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Meeting Minutes
Torch Club of the Fox Valley
May 14, 2015
Atlas Coffee Mill & Café

Notes taken by Cam Maurice

MEMBERS PRESENT: Richard Schoenbohm, Barbara Kelly, Bill Kelly, Amy Oberg, Donna Weis, Paul Freiberg, Jan Smith, Janet Wullner-Fais Cloak, Jean Jepson, Webb Shaw, Walt Hedges, Mary Paulson, Nancy Bodway, Peter Thiel, Helen Thiel, Bob Swain, Marge Swain, Marcia Debbink, Dave Debbink, Camille Maurice.

Guests: none


Meeting called to order at 6:38 p.m.

  1. Minutes from 4/9/15 meeting were accepted, motioned and approved.
  2. Treasurer’s report balanced is $1,605.42.  No changes since April meeting.

Report was accepted, motioned and approved.
3.         New Business:

A.  Richard asked if anyone was planning to attend the IATC Convention in
      June.  Donna Weis expressed interest.  Richard said he might attend.
B.  Paul Freiberg passed out a sign up sheet for next year's programs.
C.  Richard commented on the quality of articles in the current issue of Torch.
D.  Summer gathering will be held in August hosted by the Kellys.

4.         Announcements:

A.   Jan Smith recommended the William Morris exhibit currently at the  Bergstrom-Mahler. 
B.   Richard Schoenbohm announced that Alabama will be performing on July 11th  sponsored by the Lion’s Club of Greenville.

5.         Business segment adjourned at 6:58 for dinner.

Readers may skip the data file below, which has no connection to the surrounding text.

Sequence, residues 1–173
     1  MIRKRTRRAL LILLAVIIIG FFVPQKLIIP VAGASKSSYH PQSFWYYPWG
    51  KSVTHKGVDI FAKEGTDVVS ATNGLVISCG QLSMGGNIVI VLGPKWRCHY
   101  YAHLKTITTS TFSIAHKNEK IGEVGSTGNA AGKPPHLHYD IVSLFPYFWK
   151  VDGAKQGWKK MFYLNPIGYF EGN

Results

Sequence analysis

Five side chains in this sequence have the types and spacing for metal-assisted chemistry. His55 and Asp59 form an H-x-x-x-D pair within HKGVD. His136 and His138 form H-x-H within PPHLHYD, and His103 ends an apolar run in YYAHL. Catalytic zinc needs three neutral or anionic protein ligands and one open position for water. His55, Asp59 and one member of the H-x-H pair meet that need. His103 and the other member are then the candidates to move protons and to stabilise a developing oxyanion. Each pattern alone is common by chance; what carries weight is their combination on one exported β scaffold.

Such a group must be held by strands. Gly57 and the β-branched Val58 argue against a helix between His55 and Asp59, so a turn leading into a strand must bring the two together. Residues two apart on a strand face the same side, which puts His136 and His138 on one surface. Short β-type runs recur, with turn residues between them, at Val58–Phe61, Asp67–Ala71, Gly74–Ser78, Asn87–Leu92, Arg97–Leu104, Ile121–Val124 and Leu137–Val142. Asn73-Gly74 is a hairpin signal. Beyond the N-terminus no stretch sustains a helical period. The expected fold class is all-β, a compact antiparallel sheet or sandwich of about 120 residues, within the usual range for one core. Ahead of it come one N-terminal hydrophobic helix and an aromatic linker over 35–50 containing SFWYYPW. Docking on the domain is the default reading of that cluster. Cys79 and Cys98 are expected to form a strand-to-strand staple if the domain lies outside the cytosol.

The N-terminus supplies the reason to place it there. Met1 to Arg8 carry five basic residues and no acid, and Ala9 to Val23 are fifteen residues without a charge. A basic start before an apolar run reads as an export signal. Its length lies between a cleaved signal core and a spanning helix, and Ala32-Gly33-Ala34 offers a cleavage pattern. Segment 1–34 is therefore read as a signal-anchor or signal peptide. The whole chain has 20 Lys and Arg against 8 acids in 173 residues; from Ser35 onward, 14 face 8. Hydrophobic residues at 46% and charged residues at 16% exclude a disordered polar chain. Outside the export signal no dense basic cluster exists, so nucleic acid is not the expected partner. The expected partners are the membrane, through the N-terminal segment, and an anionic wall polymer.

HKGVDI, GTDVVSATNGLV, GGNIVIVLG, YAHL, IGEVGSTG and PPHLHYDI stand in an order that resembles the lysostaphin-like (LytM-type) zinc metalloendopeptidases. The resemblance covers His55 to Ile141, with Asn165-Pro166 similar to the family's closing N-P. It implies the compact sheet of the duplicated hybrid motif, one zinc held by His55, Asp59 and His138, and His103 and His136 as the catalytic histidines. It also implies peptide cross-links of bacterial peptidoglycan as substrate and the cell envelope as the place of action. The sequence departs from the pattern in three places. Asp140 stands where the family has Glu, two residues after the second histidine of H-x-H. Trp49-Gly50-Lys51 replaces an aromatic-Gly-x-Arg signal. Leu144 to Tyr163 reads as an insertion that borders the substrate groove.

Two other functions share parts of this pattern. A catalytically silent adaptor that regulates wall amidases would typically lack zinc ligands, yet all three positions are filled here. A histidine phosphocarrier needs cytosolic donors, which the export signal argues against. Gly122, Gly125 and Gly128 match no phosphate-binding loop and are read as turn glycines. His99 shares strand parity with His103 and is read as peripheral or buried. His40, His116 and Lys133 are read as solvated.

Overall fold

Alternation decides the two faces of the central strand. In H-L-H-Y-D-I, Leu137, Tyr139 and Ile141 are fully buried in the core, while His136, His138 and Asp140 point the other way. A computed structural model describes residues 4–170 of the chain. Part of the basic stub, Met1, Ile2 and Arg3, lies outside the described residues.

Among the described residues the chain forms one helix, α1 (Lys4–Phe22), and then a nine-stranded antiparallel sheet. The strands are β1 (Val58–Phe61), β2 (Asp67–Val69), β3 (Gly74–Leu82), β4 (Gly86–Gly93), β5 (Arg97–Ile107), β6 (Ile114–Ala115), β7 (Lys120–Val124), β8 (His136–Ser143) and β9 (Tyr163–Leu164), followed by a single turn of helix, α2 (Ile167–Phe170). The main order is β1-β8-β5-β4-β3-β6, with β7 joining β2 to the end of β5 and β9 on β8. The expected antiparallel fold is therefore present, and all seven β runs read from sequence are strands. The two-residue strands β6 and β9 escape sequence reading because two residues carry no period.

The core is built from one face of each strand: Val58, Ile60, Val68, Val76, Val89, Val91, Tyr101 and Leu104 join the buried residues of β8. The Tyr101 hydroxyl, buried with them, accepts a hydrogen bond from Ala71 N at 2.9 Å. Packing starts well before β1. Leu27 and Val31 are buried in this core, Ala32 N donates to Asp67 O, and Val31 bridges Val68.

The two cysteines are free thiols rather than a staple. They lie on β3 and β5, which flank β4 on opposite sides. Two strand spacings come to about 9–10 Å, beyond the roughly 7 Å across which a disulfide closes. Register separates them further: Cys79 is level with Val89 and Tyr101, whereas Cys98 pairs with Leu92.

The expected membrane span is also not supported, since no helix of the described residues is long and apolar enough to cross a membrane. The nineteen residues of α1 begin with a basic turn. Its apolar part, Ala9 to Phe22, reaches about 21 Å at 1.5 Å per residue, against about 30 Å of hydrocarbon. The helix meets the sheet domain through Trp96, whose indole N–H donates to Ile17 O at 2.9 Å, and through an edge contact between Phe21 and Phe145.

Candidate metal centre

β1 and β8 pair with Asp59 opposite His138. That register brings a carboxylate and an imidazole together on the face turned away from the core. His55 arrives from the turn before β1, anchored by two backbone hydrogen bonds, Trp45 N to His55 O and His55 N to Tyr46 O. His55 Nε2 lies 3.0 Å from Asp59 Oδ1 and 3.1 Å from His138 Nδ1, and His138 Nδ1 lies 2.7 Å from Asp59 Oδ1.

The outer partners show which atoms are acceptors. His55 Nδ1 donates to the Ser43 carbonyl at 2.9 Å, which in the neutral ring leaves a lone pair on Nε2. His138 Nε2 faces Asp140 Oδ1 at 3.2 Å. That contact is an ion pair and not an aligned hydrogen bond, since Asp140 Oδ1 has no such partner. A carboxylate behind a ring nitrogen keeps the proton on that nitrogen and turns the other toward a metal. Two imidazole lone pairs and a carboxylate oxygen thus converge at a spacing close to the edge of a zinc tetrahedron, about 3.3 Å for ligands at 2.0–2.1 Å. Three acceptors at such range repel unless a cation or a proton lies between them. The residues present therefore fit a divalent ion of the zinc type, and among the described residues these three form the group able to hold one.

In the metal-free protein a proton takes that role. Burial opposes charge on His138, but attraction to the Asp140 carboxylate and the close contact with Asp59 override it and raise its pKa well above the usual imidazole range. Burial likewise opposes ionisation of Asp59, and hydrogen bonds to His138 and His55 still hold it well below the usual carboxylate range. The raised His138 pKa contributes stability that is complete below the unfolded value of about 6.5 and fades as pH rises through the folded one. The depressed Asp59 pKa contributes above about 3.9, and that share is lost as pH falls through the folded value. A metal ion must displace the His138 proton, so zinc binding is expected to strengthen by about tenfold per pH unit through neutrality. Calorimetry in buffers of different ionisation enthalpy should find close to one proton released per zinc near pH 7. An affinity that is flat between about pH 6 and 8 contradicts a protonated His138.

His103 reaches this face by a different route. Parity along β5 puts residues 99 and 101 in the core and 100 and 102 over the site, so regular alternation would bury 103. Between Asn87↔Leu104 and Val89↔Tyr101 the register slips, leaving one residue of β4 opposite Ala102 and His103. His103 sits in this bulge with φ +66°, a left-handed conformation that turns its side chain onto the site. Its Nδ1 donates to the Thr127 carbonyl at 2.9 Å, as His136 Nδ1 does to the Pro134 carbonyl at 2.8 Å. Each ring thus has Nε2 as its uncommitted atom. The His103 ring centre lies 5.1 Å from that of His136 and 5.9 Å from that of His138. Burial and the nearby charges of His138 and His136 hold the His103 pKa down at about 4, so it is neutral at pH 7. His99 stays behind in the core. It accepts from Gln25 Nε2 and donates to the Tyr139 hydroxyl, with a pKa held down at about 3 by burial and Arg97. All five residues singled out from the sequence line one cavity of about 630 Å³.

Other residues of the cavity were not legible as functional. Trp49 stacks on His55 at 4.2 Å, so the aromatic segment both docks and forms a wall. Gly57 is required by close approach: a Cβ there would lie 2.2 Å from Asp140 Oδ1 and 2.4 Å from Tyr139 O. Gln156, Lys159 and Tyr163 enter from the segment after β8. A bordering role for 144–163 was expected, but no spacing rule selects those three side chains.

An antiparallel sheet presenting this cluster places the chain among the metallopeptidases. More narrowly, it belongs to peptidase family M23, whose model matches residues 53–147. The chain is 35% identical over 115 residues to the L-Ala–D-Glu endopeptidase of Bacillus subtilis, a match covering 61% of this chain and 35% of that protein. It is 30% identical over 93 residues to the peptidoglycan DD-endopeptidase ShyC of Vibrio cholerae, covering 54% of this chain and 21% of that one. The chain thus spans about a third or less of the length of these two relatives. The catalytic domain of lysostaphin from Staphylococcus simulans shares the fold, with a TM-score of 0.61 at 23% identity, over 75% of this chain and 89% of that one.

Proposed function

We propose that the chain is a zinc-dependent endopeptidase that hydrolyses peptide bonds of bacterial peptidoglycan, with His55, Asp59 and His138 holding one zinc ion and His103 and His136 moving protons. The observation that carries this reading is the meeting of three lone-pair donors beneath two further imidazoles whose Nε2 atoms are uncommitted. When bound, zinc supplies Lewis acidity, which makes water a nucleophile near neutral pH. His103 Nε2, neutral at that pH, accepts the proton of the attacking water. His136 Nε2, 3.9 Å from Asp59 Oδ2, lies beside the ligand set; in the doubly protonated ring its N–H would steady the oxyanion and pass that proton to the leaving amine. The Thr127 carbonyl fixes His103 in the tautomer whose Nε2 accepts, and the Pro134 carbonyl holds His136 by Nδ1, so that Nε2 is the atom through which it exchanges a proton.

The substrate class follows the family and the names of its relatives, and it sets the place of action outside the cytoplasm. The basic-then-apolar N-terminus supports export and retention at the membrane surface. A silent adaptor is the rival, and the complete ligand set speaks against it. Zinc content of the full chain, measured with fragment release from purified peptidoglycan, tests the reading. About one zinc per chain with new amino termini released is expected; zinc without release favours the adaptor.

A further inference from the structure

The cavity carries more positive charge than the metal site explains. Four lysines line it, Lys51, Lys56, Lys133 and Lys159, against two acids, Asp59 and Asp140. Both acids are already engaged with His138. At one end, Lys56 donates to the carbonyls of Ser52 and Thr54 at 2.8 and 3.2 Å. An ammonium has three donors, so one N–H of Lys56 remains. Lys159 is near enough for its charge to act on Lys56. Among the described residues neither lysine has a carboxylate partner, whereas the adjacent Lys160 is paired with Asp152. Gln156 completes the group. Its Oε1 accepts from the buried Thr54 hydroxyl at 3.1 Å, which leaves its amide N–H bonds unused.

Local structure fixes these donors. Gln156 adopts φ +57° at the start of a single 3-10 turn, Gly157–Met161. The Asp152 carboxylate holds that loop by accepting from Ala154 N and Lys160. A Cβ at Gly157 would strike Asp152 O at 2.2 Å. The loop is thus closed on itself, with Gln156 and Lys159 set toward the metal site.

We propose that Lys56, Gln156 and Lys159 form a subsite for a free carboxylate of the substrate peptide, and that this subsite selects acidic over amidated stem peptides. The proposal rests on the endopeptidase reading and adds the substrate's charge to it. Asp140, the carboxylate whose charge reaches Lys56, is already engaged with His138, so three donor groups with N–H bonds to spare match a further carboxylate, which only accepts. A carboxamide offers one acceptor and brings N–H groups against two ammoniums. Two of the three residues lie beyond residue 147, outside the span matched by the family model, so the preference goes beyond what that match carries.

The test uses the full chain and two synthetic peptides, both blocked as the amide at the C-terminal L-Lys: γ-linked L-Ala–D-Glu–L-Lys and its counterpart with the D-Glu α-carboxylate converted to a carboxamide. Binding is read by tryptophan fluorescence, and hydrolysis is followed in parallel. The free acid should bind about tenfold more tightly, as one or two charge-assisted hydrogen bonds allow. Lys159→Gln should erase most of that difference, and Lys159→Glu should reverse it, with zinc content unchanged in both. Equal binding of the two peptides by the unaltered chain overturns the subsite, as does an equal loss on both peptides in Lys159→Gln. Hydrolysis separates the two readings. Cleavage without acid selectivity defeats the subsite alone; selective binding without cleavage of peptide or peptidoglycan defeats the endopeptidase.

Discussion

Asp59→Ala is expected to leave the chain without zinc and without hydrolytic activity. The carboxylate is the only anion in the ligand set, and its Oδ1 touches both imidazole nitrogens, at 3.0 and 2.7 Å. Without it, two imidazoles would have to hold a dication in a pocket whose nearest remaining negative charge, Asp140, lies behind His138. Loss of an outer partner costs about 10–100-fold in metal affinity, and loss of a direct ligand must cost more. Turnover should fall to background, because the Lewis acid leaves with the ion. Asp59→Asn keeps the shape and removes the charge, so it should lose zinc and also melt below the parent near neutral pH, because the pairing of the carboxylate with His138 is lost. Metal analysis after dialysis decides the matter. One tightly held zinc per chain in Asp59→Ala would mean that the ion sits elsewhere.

Mary Paulson presented:         “Frederic Chopin and George Sand”

Both were geniuses in their field and much has been written about them including a book just published by Elizabeth Berg entitled “The Dream Lover.
Frederic Chopin (1811-1849) was born in Warsaw.  A child prodigy, he completed his musical education and composed many of his works in Warsaw before leaving Poland at the age of 20.  He settled in Paris which he embraced and never returned to Warsaw.
Chopin was considered a musical wonder but never published during his lifetime.
He supported himself by teaching and selling his compositions. 
He told his students, “You must sing with your fingers”.
George Sand (1804-1876) was born in Paris but raised for much of her childhood by her grandmother at her estate, Nohant.

Considered a tomboy and difficult to handle, full of “mystical fervor” she moved to Paris to live with her mother and married Casimir Dudevant at the age of eighteen and had two children.  She left her husband nine years later and engaged in a period of romantic rebellion.   She began dressing as a male and smoking cigars, she would have entry into male only groups and establishments.  Her writing at this time became more political in nature.  She was particularly concerned about the rights of women and the plight of children.  During this time she engaged in a intimate friendship with actress Marie Dorval which led to rumors of a lesbian affair.
Sand was introduced to Chopin by Franz Liszt.  Their ten year relationship was often troubled; Chopin was already ill when they met and Sand played the role of caretaker during most of the relationship which ended two years before Chopin died.  
George Sand’s books were popular during her life and there is a periodic resurgence of interest in her work.
Chopin’s works remain popular and he has been the subject of numerous films and biographies.
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